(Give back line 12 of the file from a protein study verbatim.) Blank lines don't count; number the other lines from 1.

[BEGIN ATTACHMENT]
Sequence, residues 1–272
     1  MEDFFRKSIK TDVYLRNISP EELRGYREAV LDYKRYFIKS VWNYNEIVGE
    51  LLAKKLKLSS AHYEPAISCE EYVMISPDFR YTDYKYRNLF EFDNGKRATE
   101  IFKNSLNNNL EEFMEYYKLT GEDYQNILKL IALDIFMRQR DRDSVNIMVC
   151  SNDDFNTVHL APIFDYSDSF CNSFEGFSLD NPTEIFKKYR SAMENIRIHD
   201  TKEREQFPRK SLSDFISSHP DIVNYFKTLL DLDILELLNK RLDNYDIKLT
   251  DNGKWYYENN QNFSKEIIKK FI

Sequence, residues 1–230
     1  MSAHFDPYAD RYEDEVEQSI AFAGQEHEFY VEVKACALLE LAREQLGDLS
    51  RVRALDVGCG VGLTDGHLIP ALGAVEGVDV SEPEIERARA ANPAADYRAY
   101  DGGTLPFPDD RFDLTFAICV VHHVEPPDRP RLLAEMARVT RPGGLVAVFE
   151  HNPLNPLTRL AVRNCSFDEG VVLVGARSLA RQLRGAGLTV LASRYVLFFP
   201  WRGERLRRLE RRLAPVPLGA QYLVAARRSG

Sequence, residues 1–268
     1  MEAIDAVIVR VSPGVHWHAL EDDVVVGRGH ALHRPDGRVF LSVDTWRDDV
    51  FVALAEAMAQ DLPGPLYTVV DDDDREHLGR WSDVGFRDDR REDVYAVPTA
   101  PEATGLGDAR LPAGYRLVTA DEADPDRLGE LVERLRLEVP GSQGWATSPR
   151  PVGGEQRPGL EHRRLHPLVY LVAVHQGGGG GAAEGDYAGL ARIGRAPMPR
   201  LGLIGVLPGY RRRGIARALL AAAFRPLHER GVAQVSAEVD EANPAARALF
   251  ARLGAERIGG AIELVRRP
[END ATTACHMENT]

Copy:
   151  HNPLNPLTRL AVRNCSFDEG VVLVGARSLA RQLRGAGLTV LASRYVLFFP